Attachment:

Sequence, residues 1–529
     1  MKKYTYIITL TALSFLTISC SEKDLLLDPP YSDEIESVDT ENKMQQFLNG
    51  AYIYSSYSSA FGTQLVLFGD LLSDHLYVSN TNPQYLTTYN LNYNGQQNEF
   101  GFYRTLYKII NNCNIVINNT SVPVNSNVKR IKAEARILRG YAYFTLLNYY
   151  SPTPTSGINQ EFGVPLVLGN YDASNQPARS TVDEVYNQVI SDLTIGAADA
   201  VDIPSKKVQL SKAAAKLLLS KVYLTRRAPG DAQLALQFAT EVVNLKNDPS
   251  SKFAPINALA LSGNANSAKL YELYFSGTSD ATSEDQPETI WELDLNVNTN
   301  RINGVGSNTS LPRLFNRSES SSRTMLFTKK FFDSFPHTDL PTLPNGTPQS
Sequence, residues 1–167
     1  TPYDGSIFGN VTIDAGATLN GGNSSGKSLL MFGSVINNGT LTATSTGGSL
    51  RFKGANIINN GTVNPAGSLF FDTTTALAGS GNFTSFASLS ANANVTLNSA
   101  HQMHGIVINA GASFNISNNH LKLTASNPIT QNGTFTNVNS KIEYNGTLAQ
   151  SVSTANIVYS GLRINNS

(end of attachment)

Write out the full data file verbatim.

Sequence, residues 1–529
     1  MKKYTYIITL TALSFLTISC SEKDLLLDPP YSDEIESVDT ENKMQQFLNG
    51  AYIYSSYSSA FGTQLVLFGD LLSDHLYVSN TNPQYLTTYN LNYNGQQNEF
   101  GFYRTLYKII NNCNIVINNT SVPVNSNVKR IKAEARILRG YAYFTLLNYY
   151  SPTPTSGINQ EFGVPLVLGN YDASNQPARS TVDEVYNQVI SDLTIGAADA
   201  VDIPSKKVQL SKAAAKLLLS KVYLTRRAPG DAQLALQFAT EVVNLKNDPS
   251  SKFAPINALA LSGNANSAKL YELYFSGTSD ATSEDQPETI WELDLNVNTN
   301  RINGVGSNTS LPRLFNRSES SSRTMLFTKK FFDSFPHTDL PTLPNGTPQS
Sequence, residues 1–167
     1  TPYDGSIFGN VTIDAGATLN GGNSSGKSLL MFGSVINNGT LTATSTGGSL
    51  RFKGANIINN GTVNPAGSLF FDTTTALAGS GNFTSFASLS ANANVTLNSA
   101  HQMHGIVINA GASFNISNNH LKLTASNPIT QNGTFTNVNS KIEYNGTLAQ
   151  SVSTANIVYS GLRINNS